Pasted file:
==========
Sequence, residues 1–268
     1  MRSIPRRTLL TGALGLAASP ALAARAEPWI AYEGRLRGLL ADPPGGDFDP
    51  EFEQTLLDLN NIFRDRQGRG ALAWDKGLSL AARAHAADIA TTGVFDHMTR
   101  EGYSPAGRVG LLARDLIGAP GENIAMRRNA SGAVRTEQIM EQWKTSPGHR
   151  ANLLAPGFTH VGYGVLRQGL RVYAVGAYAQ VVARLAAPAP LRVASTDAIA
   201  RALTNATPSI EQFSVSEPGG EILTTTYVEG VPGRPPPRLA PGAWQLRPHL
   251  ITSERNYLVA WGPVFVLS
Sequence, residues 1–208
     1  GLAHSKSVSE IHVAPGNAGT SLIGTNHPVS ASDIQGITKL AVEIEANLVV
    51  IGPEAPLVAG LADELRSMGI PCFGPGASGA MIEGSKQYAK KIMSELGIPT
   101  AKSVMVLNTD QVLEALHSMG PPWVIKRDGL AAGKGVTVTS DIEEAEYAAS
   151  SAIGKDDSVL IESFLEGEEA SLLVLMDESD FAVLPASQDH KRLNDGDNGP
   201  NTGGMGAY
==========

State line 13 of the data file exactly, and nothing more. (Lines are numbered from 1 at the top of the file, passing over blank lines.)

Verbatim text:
   201  NTGGMGAY